REA: Bioenergy needed to meet net-zero GHG goals

By Erin Voegele | June 05, 2019

The U.K. Renewable Energy Association has released the second installment of its industry-led Bioenergy Strategy, reporting that bioenergy can meeting the U.K.’s projected shortfall of the 5th Carbon Budget and the impending nuclear gap.

According to the report, bioenergy already meets 7.4 percent of the U.K.’s energy needs. The REA’s analysis shows that bioenergy production can be increased by a factor of 2.5 in the U.K. by 2032 and will be “required to meet the U.K.’s legally binding carbon budgets and realize ‘Net-Zero’ by 2050.”

The REA determined that this increased deployment of bioenergy across the power, heat and transportation sectors could address two-thirds of the projected shortfall in carbon reductions required to meet the Committee on Climate Change’s legally binding 5th Carbon Budget.

“Assuming the government follows the CCC’s recommendation that the U.K. should set a net zero emission target by 2050, this vision demonstrates that bioenergy will be necessary for its attainment,” the REA said in a summary of the report.

The REA also found that bioenergy for power generation provides an alternative go nuclear power as a low-carbon, dispatchable source of electricity and cold close the predicted “nuclear gap” of 72 terawatt hours (TWh) caused by shelved nuclear projects.

Overall, the REA’s report shows bioenergy could increase by more than 60 percent between 2020 and 2026, and by a factor of 2.5 by 2032. The overall share of bioenergy in final energy demand could increase from 5.5 percent in 2020 to 9.5 percent in 2026 and nearly 15 percent in 2032, according to the report. As a result, the generation of renewable heat could increase from 6.6 percent in 2020 to nearly 10 percent in 2026 and 16.3 percent in 2023. In the transportation sector, bioenergy could grow from 2 percent in 2020 to 7 percent in 2026 and 12 percent in 2032. In the power sector, bioenergy would increase from 11 percent in 2020 to 2020 to 13.5 percent in 2026 and 17 percent in 2023.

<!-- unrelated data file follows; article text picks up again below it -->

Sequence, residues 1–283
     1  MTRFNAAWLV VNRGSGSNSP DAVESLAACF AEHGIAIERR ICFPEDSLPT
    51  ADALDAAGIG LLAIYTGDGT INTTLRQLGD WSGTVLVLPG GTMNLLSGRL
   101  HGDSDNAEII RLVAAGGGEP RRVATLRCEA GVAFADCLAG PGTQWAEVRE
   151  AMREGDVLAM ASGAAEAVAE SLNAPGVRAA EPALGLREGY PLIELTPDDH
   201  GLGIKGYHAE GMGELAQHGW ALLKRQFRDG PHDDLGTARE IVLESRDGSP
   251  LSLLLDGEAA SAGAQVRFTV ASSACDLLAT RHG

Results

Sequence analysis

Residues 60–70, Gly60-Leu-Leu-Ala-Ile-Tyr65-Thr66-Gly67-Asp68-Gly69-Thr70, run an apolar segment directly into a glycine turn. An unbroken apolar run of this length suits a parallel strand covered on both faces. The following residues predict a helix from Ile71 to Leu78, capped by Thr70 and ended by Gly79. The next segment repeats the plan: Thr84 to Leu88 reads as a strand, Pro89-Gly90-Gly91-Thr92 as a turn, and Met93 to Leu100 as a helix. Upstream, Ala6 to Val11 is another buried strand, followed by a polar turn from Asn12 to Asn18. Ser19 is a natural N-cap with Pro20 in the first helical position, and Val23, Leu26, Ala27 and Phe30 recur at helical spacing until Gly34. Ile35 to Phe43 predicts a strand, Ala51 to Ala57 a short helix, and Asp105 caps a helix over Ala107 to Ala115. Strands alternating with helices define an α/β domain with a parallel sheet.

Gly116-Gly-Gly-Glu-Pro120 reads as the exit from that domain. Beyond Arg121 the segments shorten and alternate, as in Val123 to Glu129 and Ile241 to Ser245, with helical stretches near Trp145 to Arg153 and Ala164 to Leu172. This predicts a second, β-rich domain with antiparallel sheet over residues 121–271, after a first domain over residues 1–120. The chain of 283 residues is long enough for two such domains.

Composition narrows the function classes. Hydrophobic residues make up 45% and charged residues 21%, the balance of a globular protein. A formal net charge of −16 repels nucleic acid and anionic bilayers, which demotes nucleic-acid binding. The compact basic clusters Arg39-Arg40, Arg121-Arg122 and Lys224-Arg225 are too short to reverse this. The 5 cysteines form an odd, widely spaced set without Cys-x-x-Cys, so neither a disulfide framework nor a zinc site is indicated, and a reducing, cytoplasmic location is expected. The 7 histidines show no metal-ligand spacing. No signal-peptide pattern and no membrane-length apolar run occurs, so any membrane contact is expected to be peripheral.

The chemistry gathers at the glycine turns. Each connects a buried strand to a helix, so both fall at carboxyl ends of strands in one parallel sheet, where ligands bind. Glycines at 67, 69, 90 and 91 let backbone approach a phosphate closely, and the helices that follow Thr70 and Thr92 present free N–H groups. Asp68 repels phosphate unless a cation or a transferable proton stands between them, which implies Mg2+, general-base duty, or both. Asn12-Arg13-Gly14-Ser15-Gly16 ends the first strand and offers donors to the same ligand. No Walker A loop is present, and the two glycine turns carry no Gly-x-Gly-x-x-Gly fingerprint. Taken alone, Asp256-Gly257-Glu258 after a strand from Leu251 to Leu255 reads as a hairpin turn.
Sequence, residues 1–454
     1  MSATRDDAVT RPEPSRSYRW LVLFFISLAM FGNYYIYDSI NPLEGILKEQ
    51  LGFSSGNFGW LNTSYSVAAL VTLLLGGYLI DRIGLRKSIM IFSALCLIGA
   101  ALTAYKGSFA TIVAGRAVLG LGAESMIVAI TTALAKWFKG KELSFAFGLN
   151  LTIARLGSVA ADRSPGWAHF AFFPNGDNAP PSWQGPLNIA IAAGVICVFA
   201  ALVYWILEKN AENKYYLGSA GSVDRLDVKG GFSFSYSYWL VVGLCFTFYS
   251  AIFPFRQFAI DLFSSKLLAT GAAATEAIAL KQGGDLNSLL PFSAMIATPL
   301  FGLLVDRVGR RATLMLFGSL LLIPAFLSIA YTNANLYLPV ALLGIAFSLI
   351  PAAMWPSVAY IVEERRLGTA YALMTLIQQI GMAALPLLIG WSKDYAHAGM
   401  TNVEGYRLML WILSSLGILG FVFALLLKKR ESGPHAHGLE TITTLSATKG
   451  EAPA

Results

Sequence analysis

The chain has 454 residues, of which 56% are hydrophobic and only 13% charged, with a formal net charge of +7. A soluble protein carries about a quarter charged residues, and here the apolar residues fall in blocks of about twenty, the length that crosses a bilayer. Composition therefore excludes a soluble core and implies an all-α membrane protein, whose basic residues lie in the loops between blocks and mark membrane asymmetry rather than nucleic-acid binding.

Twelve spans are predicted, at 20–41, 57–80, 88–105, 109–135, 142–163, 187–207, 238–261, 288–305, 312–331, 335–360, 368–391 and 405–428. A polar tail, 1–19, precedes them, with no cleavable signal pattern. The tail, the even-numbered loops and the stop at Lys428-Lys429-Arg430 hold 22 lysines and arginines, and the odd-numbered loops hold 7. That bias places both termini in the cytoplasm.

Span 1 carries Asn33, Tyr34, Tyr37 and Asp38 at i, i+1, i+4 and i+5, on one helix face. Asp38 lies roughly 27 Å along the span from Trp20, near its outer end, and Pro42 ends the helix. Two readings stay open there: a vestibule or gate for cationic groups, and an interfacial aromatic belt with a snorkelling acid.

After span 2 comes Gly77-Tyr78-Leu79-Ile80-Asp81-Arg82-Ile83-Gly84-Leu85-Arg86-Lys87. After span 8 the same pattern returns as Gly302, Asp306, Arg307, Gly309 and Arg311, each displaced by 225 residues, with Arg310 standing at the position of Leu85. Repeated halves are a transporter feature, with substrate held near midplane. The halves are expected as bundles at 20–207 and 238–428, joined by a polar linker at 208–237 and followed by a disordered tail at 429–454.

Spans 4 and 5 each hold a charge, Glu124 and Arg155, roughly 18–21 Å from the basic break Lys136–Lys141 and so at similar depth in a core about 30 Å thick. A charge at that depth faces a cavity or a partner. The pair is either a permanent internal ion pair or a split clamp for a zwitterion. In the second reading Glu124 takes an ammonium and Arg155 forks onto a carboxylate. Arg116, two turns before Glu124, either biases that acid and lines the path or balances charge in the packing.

The REA, however, cautioned that a lack of supportive policy framework is currently constraining the future of bioenergy projects in the heat, power and transportation sectors.

“If the U.K. is to achieve net-zero GHG by 2050 and meet its legally binding Carbon Budgets, we must adhere to the advice of the Committee on Climate Change and significantly increase the deployment of renewable technologies,” said Adam Brown, author of the Bioenergy Strategy report.

“Bioenergy presents numerous options across heat, power and transport, and the U.K. is not in a position to be casting away renewable, sustainable and cost effective solutions,” Brown continued. “This report outlines the possibilities for the U.K. if we grasp the opportunity the bioenergy sector presents.”

“Increasing the deployment of bioenergy is the only realistic solution to affordably and sustainably bridge the anticipated energy gap and rapidly decarbonize the U.K. in line with legally binding targets,” added Nina Skorupska, chief executive of the REA.

“Bioenergy is a no regrets solution to achieving these targets due to its ability to provide immediate and affordable GHG savings through existing infrastructure whilst facilitating the development and commercialization of future technologies,” Skorupska continued.

The REA released the first installment of its Bioenergy Strategy in March.

A full copy of the second installment of the strategy can be downloaded from the REA’s website